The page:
3DTotal: Hello Shawn, could you tell us a bit about yourself please and why you decided to go into 2D?
Shawn: Well, I started out in the early to mid 80’s working in advertising as a graphic designer and illustrator (I was also writing and pencilling comic books on the side at the time, but they were so awful that we need don’t talk about that). However, I was also doing a lot of illustrations for pen and paper role-playing companies. When I moved from Pittsburgh to Portland this work was noticed by what was then a small start-up computer games company in Eugene, Oregon – Dynamix. I think that was 1989. They offered me a job: to come and be the art director of something called a computer game. Since I had no idea that people played games on computers, had just moved to Portland and was in the process of setting up a design studio there, I turned them down. When they contacted me again a year later, I was a bit more in the know and decided to give it a shot.
    Anyway, while I work in 3D as well, my first love has always been illustration and concept art - so in many ways I still find myself gravitating towards that.  As an art director I typically did double duty as the sole concept artist as well, but even when games moved to 3D, it was still necessary to use 2D in the concept stages. I would meet with the designers to understand what they were trying to accomplish, break it down into a list of assets and sketch out characters, scenes, storyboards, backgrounds etc as a means of saying, “Here’s what you’re asking for.” Or sometimes, “I know what you’re asking for but here’s what you actually want.” Then of course these same images are used to explain to the art staff what we need out of the graphics. As for ‘deciding’ to go 2D, well when I started out there was (for all intents and purposes) no 3D to speak of. At least not as we think of it now in the games industry. So I didn’t have much of a choice!
3DTotal: Did you ever regret turning down the position that Dynamix offered you initially, or did the process of setting up a design studio prove to be an invaluable learning curve?
Shawn: I think it was the right decision to turn the job down the first time around. Setting up the studio afforded me a certain amount of exposure, good or bad, to aspects of the business world that I hadn’t really dealt with previously.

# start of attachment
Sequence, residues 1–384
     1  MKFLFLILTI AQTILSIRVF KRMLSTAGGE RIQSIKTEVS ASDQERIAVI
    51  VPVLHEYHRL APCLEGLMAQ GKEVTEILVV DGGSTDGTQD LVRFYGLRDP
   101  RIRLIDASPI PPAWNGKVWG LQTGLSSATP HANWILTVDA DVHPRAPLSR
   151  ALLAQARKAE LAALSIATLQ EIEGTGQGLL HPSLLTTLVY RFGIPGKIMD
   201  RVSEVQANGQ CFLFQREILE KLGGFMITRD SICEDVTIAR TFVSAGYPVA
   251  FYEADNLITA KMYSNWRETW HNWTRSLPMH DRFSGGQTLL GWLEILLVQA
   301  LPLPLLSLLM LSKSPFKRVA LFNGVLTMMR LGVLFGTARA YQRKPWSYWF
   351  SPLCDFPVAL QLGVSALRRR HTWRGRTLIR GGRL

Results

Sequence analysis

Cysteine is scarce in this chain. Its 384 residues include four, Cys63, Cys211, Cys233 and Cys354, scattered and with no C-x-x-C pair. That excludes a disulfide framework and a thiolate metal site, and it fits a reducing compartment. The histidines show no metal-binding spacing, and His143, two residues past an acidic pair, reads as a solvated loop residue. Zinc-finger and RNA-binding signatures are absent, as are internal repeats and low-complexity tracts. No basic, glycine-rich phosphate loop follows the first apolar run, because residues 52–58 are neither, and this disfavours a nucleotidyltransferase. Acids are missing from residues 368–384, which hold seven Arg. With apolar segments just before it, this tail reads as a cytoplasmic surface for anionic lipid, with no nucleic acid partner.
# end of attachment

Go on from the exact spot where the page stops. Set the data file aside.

3DTotal: You’re currently an Art Producer for ArenaNet. How does this position compare to your previous rolls as Art Director for Dynamix and Big Sky Interactive?
Shawn: In many ways there’s a lot of cross-over. The position has also evolved a great deal over the past 5 years. Early on, I was doing a lot of the concept work and as such, I was sort of the conduit between the design and art departments. As we grew we brought on an entire staff of concept artists and my focus changed. Now I’m less involved in the exact look of each asset and more involved in how it relates to the needs of the overall game design (does it serve its intended purpose, schedules, milestones, outsourcing, keeping the design and art departments on the same page, lines of communication etc). Again, much of this is what I’ve always done as an art director, but with projects the size and complexity of Guild Wars it’s becoming increasingly difficult to be wearing so many hats.

3DTotal: You have recently done some work on the Guild Wars game - could you tell us a bit on your involvement in the game?
Shawn: Overall I’d say that the above answer pretty much covers it. My boilerplate answer to this question is typical: “I do all the stuff no one else wants to do.” While I try, from time-to-time, to do some concept work and creature and character modelling, I mostly spend my days in meetings, writing emails, updating spreadsheets and dealing with outsourcing what we can’t produce internally.

3DTotal: Do you think this is the direction that you wish your career to take, or would you still prefer to spend your hours, Stylus in hand, drawing?
Shawn: Oh I would certainly prefer spending more time with a stylus in my hand. I tell people that I basically fell into this position due to the fact that there was a need and no one else was filling it. As much as the artist in me loves the idea of art simply ‘happening’ as a result of an organic-like process of inspiration and collaboration, the truth is that’s just not the way games get made. Someone needs to be thinking in terms of how art, design and technology can support one another and how this translates into asset lists, milestones, budgets, dependencies and all of that fun stuff.

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